TL;DR Writing power-of-2 malloc memory allocator in C
Any sufficiently advanced technology is indistinguishable from magic or so they say. Today we are going to lift some shadows from the very basic thing that is dynamic memory management in an application process. This knowledge is essential for anyone who wants to write his/her own Programming Language so gaining this knowledge is not an optional thing since it opens a whole new lever of understanding how dynamic memory is managed by application and is split between different applications. To do that we need to have some basic understanding of how the actual physical thing is used by operating system. For those who don’t know anything about Virtual Memory or what Memory Pages are and which algorithms modern operating systems are using to manage those I suggest reading Operating Systems Concepts and for those who want to know all the guts of how Linux does this under the hood there is Understanding Linux Kernel.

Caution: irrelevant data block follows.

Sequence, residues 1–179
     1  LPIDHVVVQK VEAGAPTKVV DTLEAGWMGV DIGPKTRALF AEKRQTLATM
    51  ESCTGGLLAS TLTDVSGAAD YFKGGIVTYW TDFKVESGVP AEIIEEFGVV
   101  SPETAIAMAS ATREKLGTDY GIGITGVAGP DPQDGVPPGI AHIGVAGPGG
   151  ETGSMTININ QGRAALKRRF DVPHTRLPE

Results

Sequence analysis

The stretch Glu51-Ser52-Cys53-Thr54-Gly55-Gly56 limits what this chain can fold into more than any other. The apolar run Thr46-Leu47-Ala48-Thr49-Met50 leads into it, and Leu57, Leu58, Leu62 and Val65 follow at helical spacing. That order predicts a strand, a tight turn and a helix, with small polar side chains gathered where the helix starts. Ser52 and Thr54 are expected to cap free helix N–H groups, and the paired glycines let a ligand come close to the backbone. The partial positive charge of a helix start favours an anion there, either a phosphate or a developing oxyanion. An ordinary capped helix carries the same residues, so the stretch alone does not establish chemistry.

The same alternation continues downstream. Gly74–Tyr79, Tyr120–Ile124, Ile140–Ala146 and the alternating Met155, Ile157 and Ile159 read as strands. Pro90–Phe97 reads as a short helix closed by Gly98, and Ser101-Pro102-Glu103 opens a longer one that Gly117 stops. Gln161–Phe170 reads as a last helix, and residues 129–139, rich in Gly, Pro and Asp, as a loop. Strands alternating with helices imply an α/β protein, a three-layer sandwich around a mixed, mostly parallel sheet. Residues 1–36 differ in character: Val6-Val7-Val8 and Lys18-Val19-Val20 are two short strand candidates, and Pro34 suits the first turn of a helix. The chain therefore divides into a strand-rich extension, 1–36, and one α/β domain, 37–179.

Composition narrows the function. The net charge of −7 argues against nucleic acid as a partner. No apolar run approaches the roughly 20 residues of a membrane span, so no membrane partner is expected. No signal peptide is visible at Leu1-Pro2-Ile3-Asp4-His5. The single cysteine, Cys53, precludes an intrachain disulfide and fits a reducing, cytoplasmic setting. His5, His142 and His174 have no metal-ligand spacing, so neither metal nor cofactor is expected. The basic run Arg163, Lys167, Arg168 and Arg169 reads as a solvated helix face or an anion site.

For the lazy rest to put it simply physical memory is split into fixed size blocks which are called Memory Pages and depending on the computer architecture and operating system can be 2kb 4kb 16kb 32kb or even 4mb in size. Anytime we request memory from operating system using some syscall it’s best to have the size divisible by the actual operating operating system’s Memory Page size. If used simply this tends to waste a lot of memory so hence we need a way to be more efficient with our requests and also we need to think of a way to recycle the memory requested before which isn’t already needed by the application. All this opens a new area for exploration which is called Memory Allocation Algorithms and is quite a hot topic because not only we need to manage the recycling complexity but also concurrency and parallelism of the actual algorithms to be more efficient with modern multi-processor computers. Some notable examples of algorithm that do that and are used in real world are Doug Lea’s malloc, TLSF and jemalloc, also there are much more out there. In order to explore some basic ideas about memory allocators we’ll write the simplest algorithm commonly called power of 2. The essential idea behind it is to split blocks of memory into sizes divisible by 2 such as 32, 64, 128 and etc. By doing so we could reuse already used blocks by breaking them into more smaller onces. For example 128 block can be broken into 2 blocks of 64 and each of them can also further be broken to 32 sized blocks.